Almereyda’s films include features, documentaries and shorts. “Marjorie Prime” premiered at the 2017 Sundance Film Festival, where it was awarded the Alfred P. Sloan Feature Film Prize. “Experimenter” premiered at the 2015 Festival. Almereyda’s adaptation of Shakespeare’s “Cymbeline” premiered at the 2014 Venice International Film Festival.

The 18-year partnership between the Alfred P. Sloan Foundation and Sundance Institute forms part of the Sloan Foundation’s nationwide Film Program, which includes support for six of the nation’s leading film schools and seven screenwriting development partners and has resulted in over 25 completed feature films.

In addition to “Hidden Figures,” originally supported by a Sloan book grant, the film program has long championed stories about women in science from “Bombshell: The Hedy Lamarr Story” to stories about Louise Pearce, Rosalind Franklin, Marie Curie, Lise Meitner and Jane Goodall.

The program has also supported many works about the role of technology in daily life, including the impact of machine learning, robotics and artificial intelligence. Sloan has supported feature narrative films such as “Adventures of a Mathematician,” “One Man Dies a Million Times,” “The Sound of Silence,” “To Dust,” “The Catcher Was a Spy,” “The Man Who Knew Infinity,” “The Imitation Game,” “Experimenter and Operator,” along with documentaries, such as the 2020 Sundance Film Festival selection “Coded Bias” and several new projects, including episodic television, in development.

The program has also given early recognition to stand-out films such as “The Aeronauts,” “First Man,” “Searching,” “The Martian” and “The Boy Who Harnessed the Wind,” last year’s recipient of the Feature Film Prize.

The Sundance Institute also awarded Tim Delaney the Sloan Commissioning Grant.

Delaney will receive a $25,000 cash award from the Alfred P. Sloan Foundation at this year’s Sundance Film Festival for “The Plutonians.” Previous winners include Alex Rivera’s “La Vida Robot” and Robert Edwards’ “American Prometheus.”

“The Plutonians” is about a motley coalition of astronomers and outsiders conspires to defend Pluto when the definition of planethood threatens to exclude the planet.

Delaney is a writer and director from Bronxville, New York. He is a graduate of the University of Pennsylvania, where he was awarded Best Undergraduate Screenplay, and currently resides in New York where he attends New York University’s Graduate Filmmaking Program as both a thesis student and an adjunct professor.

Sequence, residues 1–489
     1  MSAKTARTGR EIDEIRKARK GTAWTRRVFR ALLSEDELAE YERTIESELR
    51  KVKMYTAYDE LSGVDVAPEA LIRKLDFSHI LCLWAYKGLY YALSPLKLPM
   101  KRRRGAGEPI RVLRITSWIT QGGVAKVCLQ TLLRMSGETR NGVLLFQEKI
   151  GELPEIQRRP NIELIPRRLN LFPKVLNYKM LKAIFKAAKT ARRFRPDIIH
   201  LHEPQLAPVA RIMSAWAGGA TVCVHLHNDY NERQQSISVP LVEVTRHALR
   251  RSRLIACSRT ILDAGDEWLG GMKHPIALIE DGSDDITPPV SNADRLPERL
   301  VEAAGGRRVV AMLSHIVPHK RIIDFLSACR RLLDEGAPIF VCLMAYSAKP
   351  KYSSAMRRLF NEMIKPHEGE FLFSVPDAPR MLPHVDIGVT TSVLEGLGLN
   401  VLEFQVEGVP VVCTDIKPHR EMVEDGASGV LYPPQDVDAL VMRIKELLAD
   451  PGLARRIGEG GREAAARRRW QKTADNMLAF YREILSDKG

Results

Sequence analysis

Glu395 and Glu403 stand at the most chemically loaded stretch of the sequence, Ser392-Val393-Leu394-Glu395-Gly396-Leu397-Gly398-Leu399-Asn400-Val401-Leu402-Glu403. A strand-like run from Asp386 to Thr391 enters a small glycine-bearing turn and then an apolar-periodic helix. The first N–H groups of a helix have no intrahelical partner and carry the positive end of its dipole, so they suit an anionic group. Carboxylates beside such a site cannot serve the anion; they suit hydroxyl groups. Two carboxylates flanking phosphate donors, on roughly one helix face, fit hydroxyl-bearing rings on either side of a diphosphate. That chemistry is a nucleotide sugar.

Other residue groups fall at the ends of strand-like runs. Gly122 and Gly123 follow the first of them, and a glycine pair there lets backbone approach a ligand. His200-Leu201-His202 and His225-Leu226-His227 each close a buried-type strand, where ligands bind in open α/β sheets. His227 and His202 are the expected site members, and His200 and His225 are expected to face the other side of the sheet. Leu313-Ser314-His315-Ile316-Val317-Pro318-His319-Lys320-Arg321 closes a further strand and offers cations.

The Sloan Development Fellowship was awarded to Kiran Deol, who will receive a $15,000 cash award from the Alfred P. Sloan Foundation at this year’s Sundance Film Festival for “Tidal Disruption.” Previous winners include Logan Kibens’s “Operator,” Darcy Brislin and Dyana Winkler’s “Bell” and Rob Meyer’s “A Birder’s Guide to Everything.”

“Tidal Disruption” is about a starry eyed graduate student who desperately struggles to maneuver between her passion for astronomy and her charismatic mentor’s advances in this claustrophobic psychological thriller.

Deol is a filmmaker, comedian, and actor based in Los Angeles. Her first film, “Woman Rebel,” a documentary about women rebel soldiers, was nominated for an Emmy, shortlisted for an Oscar and distributed by HBO. She currently stars in as Mallory in the new NBC/Hulu series “Sunnyside” from Mike Schur and Kal Penn. She tours nationally as a standup comedian and can be heard on the Crooked Media’s “Hysteria” podcast. “Tidal Disruption” is her first feature film.

The Sloan Episodic Fellowship was awarded to Courtney Smith, who will receive an $10,000 cash award from the Alfred P. Sloan Foundation for “Higher.”

“Higher” is a drama about the brave men and women — immigrants, investors and industrialists — who risked it all to raise the rafters on the The Empire State Building, while the world around them fell apart.

Smith, an NYU/Tisch graduate, is a screenwriter living in Los Angeles. She was a second round finalist at the Austin Film Festival (2015) and her feature film, “Archangel,” co-written by Patrick Massett, received offers from Blumhouse, Sony International and IM Global. She is currently working on “Swagger” for Apple TV+ and has worked in writer’s departments on shows including “Friday Night Lights,” “The Get Down” and “The Blacklist.”


Support Local Journalism

Readers around Park City and Summit County make the Park Record's work possible. Your financial contribution supports our efforts to deliver quality, locally relevant journalism.

Now more than ever, your support is critical to help us keep our community informed about the evolving coronavirus pandemic and the impact it is having locally. Every contribution, however large or small, will make a difference.

Each donation will be used exclusively for the development and creation of increased news coverage.

 


Start a dialogue, stay on topic and be civil.
If you don't follow the rules, your comment may be deleted.